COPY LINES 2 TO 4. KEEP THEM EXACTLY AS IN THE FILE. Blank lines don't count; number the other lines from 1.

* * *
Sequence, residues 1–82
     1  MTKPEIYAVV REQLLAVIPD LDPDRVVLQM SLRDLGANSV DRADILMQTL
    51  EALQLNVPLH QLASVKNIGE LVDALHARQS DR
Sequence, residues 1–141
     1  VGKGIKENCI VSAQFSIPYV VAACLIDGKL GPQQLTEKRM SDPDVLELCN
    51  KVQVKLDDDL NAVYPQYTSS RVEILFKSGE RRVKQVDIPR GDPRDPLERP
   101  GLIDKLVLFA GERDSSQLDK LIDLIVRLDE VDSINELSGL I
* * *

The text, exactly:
     1  MTKPEIYAVV REQLLAVIPD LDPDRVVLQM SLRDLGANSV DRADILMQTL
    51  EALQLNVPLH QLASVKNIGE LVDALHARQS DR
Sequence, residues 1–141